While The Globe and Mail declared, “Canadians are’’t ready to cut cords with payphones just yet,” the radio station NewsTalk1010 asked, “Who uses payphones anymore?”; and the Winnipeg Free Press said, “In wireless era, CRTC sets stage for humble coin-operated phone’s orderly end.”
The National Post summed up: “Pay phones obsolete for most Canadians but still critical for remote communities and low-income people.” And the Medicine Hat News headline read, inexplicably: “When the caribou stop dropping: CRTC wants rules for payphone’s orderly demise.”
Caribou references aside, the news reports were quite clear. Payphones usage is dwindling. Whereas 50 per cent of Canadians stated they used payphones in 2004, today, that number is down to just over one third, according to CRTC (the Canadian Radio-television and Telecommunications Commission).
During a fact-finding process, last year, (in which the DiversityCanada Foundation and the National Pensioners Federation filed a joint submission), the telephone companies told the regulator that they can’t afford to operate low-revenue-generating payphones.
The CRTC’s announcement showed it heard them loud and clear.
As part of the fact-finding exercise, the CRTC had banned telephone companies from removing the last payphone in any community. Now, the regulator says it will lift that ban in the near future.
First, however, it wants to modify its rules so that the telcos will have to give notice to municipalities and First Nations reserves before tearing out the last payphone in their community.
This leaves the impression of an unsatisfactory state of affairs. It is certainly a good thing to ensure that the phone company cannot sneakily rip out the last payphone by making it mandatory that the telco inform the local authority and residents of its intentions. But what happens when the community does not want to lose its last payphone?
The CRTC’s announcement was silent on whose responsibility it would or should be to pay for maintaining the last payphone in communities across Canada.
The implication, however, is that the burden will be shifted onto the communities themselves.
This would mean that billion-dollar corporations will be able to cherry-pick sites where payphones would contribute to their profits, while leaving low-revenue-generating communities (particularly those that are small, rural and remote) in a lurch.
Talk about a clear case of privilege without responsibility.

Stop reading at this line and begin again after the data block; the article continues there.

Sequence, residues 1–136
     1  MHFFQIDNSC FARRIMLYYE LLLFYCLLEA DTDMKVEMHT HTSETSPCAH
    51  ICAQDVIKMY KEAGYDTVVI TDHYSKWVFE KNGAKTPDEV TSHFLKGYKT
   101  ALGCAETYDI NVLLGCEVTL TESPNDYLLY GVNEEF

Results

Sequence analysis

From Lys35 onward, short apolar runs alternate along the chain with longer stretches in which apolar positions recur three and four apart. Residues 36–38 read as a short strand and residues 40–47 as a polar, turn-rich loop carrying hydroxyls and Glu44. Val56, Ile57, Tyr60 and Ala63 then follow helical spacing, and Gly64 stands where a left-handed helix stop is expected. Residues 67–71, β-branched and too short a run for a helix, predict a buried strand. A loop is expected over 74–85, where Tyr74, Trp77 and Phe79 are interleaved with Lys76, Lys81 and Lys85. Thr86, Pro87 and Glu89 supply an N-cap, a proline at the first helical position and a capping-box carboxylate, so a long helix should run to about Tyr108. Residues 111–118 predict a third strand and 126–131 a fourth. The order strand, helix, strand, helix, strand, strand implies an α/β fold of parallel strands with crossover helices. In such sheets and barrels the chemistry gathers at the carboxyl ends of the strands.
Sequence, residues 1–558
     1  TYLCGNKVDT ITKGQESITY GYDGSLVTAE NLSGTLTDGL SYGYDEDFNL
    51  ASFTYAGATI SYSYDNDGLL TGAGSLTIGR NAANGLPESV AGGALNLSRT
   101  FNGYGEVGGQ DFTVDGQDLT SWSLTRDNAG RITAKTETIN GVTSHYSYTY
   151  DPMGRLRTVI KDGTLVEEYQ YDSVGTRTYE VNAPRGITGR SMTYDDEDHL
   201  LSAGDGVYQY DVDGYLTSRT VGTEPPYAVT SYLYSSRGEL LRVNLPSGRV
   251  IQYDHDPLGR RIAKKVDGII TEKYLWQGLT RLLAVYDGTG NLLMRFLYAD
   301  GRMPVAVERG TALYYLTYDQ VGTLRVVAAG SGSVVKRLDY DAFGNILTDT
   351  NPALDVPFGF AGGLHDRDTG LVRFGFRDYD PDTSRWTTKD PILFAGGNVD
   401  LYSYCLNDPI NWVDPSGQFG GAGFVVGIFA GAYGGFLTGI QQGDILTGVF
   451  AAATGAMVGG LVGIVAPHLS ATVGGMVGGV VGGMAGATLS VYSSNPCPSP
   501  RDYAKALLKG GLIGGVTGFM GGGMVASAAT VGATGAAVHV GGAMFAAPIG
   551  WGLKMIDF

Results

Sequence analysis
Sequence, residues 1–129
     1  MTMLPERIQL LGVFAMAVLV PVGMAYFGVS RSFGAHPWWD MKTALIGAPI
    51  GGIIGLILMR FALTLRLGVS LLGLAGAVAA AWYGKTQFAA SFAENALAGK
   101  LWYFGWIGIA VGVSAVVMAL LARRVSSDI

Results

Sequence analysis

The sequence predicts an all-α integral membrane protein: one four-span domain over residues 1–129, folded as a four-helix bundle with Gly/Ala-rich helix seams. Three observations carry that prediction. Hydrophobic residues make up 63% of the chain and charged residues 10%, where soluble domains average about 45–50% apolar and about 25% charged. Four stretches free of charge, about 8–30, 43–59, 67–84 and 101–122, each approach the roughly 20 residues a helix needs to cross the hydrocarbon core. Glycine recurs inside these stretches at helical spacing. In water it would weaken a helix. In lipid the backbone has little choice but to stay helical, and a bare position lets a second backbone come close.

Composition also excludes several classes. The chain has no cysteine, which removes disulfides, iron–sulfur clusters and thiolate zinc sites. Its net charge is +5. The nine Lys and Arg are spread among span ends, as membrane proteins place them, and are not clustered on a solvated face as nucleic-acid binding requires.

DiversityCanada and the National Pensioners Federation were among consumer interest groups that called on the CRTC to take a different tack. The approach we recommended would see Canada operate under a regime that:
1. acknowledges that every person has a right to have access to telecommunications services, and,
2. recognizes that payphones are the best means of ensuring universal access to at least the most basic form of telecommunications services.
Consumer interest groups argued, and a report commissioned by the CRTC corroborated, that payphones are still required to serve the telecommunications needs of the most vulnerable and disadvantaged, as well as those of all Canadians (regardless of socio-economic status) in times of distress or emergency.
Fortunately, statements by chairman Jean Pierre Blais indicate that the CRTC also heard consumer interest groups loud and clear.
“It’s certainly true that the reduction of payphone use is considerable, but I wouldn’t jump to the conclusion that everybody is not using it … because there are people, more vulnerable Canadians, that still see value in it,” Blais was quoted as saying. “We’re talking here about Canadians that are more vulnerable, low-income Canadians, the homeless, maybe perhaps victims of abuse that don’t have the financial means to even have landlines or wireless phones that need to contact the government for social and medical services.”
So while CRTC’s release was silent on how it will be possible for communities to keep their last payphone if it is scheduled for decommissioning, there is still a chance for Canadians to tell the regulator how to get this right
According to its three-year plan, the CRTC is soon to hold a public hearing on what constitutes basic telecommunications services in Canada, and how it should be paid for.
Canada’s problems with dwindling payphone usage and disappearing devices are not unique. Other jurisdictions have dealt with the situation by mandating that telecommunications companies contribute to a fund which communities can apply to in order to pay for the maintenance of payphone service in their community.
This solution seems to strike the right balance. No telephone company would be forced to maintain service where it does not want to operate. At the same time, the highly profitable telecommunications sector as a whole would be contributing to ensuring that all communities that require payphone service have it. And the communities would be empowered to, themselves, maintain the level of telecommunications services they consider necessary.
We think it’s a win-win solution, and we’ll make sure the CRTC takes it into consideration when deciding what the words “basic telecommunications services” should mean in Canada.
Celia Sankar is the Executive Director of the DiversityCanada Foundation.